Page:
A **lack of fit test** is used to determine whether or not a full regression model offers a significantly better fit to a dataset than some reduced version of the model.

For example, suppose we would like to use *number of hours studied* to predict *exam score* for students at a certain college. We may decide to fit the following two regression models:

**Full Model:** Score = β_{0} + B_{1}(hours) + B_{2}(hours)^{2}

**Reduced Model:** Score = β_{0} + B_{1}(hours)

The following step-by-step example shows how to perform a lack of fit test in R to determine if the full model offers a significantly better fit than the reduced model.

**Step 1: Create & Visualize a Dataset**

First, we’ll use the following code to create a dataset that contains the number of hours studied and exam score received for 50 students:

#make this example reproducible set.seed(1) #create dataset df <- data.frame(hours = runif(50, 5, 15), score=50) df$score = df$score + df$hours^3/150 + df$hours*runif(50, 1, 2) #view first six rows of data head(df) hours score 1 7.655087 64.30191 2 8.721239 70.65430 3 10.728534 73.66114 4 14.082078 86.14630 5 7.016819 59.81595 6 13.983897 83.60510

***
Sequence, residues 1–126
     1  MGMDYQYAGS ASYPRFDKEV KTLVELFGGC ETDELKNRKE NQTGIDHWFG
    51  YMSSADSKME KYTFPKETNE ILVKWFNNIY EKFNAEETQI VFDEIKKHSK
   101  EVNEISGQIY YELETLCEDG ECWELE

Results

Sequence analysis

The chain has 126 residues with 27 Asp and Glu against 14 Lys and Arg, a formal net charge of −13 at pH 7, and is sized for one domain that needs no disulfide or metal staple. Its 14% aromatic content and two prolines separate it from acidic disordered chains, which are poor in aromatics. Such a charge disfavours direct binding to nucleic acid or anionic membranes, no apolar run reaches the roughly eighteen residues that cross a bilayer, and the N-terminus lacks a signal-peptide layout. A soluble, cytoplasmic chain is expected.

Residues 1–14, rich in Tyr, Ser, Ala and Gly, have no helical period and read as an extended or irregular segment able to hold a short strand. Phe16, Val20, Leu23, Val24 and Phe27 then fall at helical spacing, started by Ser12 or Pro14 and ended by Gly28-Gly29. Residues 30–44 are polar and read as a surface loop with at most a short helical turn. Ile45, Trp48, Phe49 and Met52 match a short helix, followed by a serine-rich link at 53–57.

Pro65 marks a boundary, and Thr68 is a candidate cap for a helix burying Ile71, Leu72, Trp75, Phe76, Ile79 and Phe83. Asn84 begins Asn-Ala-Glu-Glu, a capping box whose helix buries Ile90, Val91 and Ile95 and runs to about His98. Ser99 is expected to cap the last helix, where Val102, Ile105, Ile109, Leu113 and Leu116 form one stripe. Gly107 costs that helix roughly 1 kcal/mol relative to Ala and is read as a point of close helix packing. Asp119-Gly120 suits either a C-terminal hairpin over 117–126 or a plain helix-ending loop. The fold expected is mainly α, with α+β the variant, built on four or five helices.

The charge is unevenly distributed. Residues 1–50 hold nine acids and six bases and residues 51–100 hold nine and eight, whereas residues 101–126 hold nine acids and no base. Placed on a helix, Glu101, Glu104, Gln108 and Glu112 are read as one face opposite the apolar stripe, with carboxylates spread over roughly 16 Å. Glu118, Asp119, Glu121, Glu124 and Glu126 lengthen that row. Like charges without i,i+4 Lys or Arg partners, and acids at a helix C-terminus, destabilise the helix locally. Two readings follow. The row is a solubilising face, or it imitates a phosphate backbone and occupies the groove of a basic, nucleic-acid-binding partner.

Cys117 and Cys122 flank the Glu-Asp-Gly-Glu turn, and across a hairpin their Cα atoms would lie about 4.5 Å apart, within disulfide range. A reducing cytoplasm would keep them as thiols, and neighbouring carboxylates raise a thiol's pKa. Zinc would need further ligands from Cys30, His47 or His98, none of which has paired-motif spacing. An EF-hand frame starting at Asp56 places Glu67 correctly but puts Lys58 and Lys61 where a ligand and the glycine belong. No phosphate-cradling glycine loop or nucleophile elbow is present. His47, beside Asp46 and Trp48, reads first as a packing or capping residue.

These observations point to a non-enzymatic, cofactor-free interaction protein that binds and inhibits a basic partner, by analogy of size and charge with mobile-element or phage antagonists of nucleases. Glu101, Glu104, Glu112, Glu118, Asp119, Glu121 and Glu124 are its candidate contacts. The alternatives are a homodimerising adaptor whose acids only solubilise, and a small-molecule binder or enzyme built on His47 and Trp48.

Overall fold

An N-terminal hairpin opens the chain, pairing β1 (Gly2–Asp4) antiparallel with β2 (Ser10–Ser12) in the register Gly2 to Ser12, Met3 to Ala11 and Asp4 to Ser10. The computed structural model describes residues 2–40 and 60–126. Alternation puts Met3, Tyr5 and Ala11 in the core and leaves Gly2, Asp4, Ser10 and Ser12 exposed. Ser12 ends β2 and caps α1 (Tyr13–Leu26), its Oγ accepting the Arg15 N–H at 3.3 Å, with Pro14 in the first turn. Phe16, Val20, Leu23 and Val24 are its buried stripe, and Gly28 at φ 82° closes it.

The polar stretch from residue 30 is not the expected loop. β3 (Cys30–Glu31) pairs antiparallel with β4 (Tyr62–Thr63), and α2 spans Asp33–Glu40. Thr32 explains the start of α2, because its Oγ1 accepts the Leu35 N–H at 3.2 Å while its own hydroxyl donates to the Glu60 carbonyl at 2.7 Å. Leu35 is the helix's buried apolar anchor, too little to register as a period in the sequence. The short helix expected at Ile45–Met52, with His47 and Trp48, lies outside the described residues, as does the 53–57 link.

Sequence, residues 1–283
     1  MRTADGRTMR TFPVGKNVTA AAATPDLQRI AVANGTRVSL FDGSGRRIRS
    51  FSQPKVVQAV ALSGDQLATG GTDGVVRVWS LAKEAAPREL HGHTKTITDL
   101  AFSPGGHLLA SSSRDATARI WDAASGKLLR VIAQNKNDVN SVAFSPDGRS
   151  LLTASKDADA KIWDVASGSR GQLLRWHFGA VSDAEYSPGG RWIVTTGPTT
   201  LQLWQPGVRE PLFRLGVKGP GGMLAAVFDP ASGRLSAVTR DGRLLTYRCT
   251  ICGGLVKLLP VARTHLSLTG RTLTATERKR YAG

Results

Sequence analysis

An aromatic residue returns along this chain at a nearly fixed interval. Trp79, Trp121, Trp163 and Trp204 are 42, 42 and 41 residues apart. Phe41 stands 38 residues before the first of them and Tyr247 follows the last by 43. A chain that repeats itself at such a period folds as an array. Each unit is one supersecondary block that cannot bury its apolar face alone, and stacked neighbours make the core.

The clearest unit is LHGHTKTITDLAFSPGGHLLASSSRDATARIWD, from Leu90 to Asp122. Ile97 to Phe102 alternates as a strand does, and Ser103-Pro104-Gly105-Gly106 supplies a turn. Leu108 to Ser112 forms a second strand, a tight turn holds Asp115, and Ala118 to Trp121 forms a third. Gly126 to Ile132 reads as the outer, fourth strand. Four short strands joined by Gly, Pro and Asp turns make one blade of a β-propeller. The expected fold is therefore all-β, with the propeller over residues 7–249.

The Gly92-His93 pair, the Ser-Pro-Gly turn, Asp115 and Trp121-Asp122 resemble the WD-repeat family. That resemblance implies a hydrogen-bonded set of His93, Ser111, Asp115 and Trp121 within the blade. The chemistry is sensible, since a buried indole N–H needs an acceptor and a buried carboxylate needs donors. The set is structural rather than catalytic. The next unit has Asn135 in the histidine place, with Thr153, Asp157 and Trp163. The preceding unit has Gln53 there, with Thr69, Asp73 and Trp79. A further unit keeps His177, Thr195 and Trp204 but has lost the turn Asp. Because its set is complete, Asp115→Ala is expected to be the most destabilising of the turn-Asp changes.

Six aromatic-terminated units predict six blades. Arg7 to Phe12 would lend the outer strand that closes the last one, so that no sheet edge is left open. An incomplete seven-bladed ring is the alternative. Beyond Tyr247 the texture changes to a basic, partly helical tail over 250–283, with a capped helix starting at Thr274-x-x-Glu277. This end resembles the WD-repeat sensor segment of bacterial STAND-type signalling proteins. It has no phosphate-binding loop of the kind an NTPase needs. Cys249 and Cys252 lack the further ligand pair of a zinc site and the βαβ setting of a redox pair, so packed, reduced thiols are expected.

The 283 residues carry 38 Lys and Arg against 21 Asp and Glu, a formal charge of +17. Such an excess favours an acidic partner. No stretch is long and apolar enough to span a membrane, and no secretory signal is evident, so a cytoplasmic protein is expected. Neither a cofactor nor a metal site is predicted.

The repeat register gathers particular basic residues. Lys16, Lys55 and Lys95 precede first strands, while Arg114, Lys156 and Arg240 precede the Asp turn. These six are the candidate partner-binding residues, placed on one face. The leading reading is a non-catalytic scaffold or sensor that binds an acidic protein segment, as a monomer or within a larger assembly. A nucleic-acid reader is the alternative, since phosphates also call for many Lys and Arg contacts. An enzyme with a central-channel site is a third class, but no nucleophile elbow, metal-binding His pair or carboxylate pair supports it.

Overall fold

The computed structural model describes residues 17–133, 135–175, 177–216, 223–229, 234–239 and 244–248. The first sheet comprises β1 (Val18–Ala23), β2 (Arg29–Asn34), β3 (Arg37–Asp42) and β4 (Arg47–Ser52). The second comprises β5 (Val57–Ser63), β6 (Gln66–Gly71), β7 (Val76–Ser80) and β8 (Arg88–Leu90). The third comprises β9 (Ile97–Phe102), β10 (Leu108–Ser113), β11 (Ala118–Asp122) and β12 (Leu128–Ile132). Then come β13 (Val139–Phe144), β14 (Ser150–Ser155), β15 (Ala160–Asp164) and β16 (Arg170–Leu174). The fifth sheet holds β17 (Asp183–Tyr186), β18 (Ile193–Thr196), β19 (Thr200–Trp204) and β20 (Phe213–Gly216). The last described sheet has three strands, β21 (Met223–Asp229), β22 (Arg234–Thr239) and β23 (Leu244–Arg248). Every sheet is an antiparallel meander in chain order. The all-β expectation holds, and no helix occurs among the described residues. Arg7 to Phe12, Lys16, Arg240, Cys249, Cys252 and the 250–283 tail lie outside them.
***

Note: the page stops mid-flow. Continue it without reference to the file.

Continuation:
Next, we’ll create a scatterplot to visualize the relationship between hours and score:

#load ggplot2 visualization package library(ggplot2) #create scatterplot ggplot(df, aes(x=hours, y=score)) + geom_point()

**Step 2: Fit Two Different Models to the Dataset**

Next, we’ll fit two different regression models to the dataset:

#fit full model full <- lm(score ~ poly(hours,2), data=df) #fit reduced model reduced <- lm(score ~ hours, data=df)

**Step 3: Perform a Lack of Fit Test**

Next, we’ll use the **anova()** command to perform a lack of fit test between the two models:

#lack of fit test anova(full, reduced) Analysis of Variance Table Model 1: score ~ poly(hours, 2) Model 2: score ~ hours Res.Df RSS Df Sum of Sq F Pr(>F) 1 47 368.48 2 48 451.22 -1 -82.744 10.554 0.002144 ** --- Signif. codes: 0 ‘***’ 0.001 ‘**’ 0.01 ‘*’ 0.05 ‘.’ 0.1 ‘ ’ 1

The F test-statistic turns out to be **10.554** and the corresponding p-value is **0.002144**. Since this p-value is less than .05, we can reject the null hypothesis of the test and conclude that the full model offers a statistically significantly better fit than the reduced model.

**Step 4: Visualize the Final Model**

Lastly, we can visualize the final model (the full model) relative to the original dataset:

**ggplot(df, aes(x=hours, y=score)) +
geom_point() +
stat_smooth(method='lm', formula = y ~ poly(x,2), size = 1) +
xlab('Hours Studied') +
ylab('Score')**

We can see that the curve of the model fits the data quite well.

**Additional Resources**

How to Perform Simple Linear Regression in R

How to Perform Multiple Linear Regression in R

How to Perform Polynomial Regression in R